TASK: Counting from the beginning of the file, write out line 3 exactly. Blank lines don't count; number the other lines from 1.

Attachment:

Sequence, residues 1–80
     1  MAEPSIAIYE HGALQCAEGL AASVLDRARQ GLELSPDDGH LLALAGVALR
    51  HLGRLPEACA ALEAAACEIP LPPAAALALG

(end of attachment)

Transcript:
    51  HLGRLPEACA ALEAAACEIP LPPAAALALG